I’ve kept a journal since I was a teenager. Now there are volumes and volumes of those black-and-white, wide-ruled notebooks that you can get at every corner pharmacy for 99 cents—the ones with the metric conversion tables and dry and liquid measures on the inside back flap—collecting dust and mildew in boxes in my mother’s garage and in the storage space my boyfriend and I keep in Manhattan. And I have one with me in my office right now, in my Puma bowling bag. I don’t reread these tomes. I hope that when I die, they make a nice, toasty bonfire—some things I don’t want me or anyone else to revisit. Anyway, reading them couldn’t possibly be as rewarding as it has been to write them. Whether it’s elation or fear or frustration actually spilling from my pen, nothing is more freeing than the act of self-expression without fear of judgment.
As my life has grown busier and revolved more and more around words—reading them, editing them, e-mailing them, texting them and, less and less, writing them—my journals have become a hodgepodge of lists. To-do lists. Lists of times it took me to run Central Park.
Accounts of how I spent my money and time and what I ate (don’t ask). Lists of nutty ideas—businesses that should be started, songs that should be composed, short stories and novels that should be written. Someone, in some other life, will actually accomplish these things.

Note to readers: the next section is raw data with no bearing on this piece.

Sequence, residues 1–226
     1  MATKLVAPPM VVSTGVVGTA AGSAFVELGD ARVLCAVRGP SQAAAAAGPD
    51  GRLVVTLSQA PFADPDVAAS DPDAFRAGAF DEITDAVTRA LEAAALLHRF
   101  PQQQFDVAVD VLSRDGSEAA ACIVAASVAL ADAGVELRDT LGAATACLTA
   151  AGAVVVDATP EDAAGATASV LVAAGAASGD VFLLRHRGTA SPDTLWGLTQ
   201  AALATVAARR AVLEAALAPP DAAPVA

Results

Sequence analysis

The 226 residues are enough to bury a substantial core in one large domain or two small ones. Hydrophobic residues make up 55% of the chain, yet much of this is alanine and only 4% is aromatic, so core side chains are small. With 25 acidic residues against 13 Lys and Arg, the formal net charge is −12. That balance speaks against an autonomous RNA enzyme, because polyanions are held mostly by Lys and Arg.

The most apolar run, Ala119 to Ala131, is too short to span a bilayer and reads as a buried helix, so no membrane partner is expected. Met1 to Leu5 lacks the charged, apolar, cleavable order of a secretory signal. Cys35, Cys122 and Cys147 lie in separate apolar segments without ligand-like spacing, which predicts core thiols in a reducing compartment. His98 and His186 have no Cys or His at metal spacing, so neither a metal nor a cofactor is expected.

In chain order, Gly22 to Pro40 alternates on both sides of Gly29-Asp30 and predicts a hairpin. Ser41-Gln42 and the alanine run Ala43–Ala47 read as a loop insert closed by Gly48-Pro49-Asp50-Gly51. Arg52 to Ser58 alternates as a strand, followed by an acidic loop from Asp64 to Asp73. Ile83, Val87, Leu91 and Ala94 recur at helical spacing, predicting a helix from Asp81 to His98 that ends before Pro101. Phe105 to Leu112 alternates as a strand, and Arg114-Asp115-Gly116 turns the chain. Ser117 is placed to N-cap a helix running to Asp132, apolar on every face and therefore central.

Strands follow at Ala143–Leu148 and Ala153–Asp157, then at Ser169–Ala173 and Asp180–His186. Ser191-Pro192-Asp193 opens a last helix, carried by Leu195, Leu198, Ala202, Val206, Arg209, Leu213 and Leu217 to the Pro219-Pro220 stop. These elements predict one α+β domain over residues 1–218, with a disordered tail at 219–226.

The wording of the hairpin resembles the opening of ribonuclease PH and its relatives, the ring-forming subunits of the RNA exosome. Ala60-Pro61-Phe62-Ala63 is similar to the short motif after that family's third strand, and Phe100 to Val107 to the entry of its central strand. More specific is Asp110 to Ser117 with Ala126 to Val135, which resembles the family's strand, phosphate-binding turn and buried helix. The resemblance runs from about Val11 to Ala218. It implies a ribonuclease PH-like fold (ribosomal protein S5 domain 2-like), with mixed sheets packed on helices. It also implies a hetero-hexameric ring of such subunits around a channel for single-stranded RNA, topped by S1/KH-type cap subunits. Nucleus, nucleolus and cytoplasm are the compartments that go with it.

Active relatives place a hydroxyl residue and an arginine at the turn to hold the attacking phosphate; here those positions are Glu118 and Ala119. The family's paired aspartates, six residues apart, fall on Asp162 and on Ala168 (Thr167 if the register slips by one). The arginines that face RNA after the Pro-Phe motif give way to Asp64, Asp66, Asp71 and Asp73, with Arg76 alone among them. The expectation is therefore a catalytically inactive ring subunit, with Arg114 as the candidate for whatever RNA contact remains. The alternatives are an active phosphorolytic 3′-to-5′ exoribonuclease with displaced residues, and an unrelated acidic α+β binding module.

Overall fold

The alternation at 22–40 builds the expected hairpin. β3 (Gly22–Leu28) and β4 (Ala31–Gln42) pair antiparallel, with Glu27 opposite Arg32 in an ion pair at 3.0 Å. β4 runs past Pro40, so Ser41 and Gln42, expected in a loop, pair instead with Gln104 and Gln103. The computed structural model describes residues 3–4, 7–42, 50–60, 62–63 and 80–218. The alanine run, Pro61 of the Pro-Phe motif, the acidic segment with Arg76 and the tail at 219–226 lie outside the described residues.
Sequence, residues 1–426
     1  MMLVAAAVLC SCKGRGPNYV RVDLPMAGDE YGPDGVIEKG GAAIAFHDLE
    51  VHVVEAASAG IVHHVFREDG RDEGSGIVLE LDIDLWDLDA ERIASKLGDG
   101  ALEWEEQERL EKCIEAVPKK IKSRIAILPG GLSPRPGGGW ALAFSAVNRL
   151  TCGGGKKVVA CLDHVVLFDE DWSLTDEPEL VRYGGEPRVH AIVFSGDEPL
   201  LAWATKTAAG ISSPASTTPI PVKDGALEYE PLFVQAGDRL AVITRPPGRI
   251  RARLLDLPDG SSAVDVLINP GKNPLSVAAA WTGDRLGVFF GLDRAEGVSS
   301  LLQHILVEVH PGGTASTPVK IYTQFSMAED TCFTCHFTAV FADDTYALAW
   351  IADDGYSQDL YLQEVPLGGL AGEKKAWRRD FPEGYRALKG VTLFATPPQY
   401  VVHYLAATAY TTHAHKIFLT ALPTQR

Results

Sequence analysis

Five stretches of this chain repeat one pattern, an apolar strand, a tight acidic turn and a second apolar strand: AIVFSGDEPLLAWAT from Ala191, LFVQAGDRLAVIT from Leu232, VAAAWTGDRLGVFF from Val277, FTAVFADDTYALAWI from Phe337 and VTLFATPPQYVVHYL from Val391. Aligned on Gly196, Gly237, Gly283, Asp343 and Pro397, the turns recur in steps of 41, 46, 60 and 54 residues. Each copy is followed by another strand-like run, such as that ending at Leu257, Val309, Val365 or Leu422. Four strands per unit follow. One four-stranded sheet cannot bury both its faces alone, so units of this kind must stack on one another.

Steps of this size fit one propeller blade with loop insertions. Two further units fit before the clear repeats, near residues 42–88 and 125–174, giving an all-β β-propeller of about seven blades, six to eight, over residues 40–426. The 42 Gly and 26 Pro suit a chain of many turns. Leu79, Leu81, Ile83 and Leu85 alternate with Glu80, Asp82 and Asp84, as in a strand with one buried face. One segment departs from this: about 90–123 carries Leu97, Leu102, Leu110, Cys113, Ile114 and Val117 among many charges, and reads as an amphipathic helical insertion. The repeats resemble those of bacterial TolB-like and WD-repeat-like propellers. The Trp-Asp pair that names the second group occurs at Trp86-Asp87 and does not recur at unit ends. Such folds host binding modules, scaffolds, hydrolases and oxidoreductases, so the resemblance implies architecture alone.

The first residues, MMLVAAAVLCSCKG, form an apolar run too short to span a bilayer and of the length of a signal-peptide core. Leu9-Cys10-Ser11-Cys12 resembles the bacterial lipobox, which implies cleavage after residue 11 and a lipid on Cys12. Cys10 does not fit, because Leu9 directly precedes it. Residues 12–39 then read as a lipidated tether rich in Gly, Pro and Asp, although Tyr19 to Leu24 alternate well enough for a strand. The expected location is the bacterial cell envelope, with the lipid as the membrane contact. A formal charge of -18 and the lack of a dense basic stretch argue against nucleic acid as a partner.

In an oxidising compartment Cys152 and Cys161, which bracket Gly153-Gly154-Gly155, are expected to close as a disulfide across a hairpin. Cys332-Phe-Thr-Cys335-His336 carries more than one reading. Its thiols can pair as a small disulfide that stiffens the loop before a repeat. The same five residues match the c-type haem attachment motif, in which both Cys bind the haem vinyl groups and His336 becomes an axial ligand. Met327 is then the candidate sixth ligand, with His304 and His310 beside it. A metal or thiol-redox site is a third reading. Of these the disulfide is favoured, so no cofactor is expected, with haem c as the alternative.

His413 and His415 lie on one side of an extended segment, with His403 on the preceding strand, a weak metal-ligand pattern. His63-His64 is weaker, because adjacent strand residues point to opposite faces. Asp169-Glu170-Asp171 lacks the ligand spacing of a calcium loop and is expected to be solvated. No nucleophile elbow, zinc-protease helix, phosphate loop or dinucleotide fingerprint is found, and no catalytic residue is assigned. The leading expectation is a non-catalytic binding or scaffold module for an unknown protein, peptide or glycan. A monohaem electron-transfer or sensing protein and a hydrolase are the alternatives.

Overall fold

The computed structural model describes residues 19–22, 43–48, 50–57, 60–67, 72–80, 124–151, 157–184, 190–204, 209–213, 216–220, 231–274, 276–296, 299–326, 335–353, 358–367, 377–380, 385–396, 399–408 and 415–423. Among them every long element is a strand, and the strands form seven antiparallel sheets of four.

And then, of course, there are the resolutions. Often several at once. But last New Year’s Eve, I started a new kind of list. I don’t know why I did this—I was probably just bored. But rather than listing what I wanted to accomplish in 2005, I began to list what I did accomplish in 2004. I had created two magazine brands, bought an apartment with my boyfriend and produced and recorded a song I wrote. And those were just the “measurable” things—not the intangibles, like learning to judge myself and others less and to laugh more.
Reading that immediately after writing it was like an out-of-body experience. Who had the time—nay, the courage—to get all that done? Certainly not me. But for the first time in years, the New Year wasn’t filled with regret for all the things I had yet to accomplish. I had something solid to celebrate. And I began to feel—by degrees—that I could dream even bigger.
On page 24, we talked to several positive people about their goals and got advice from experts about achieving them. You can also try my exercise, if you haven’t already. You don’t have to list big things. It could be the time you shared some encouraging words with someone who really needed them. Or the time you dragged yourself to the doctor rather than wait for some physical annoyance to grow into something bigger. Or the time you looked up a support group or a weight-loss program, even if you didn’t go. You looked it up. Don’t make me go there with the old cliché about ripples in a pond. But you catch my drift.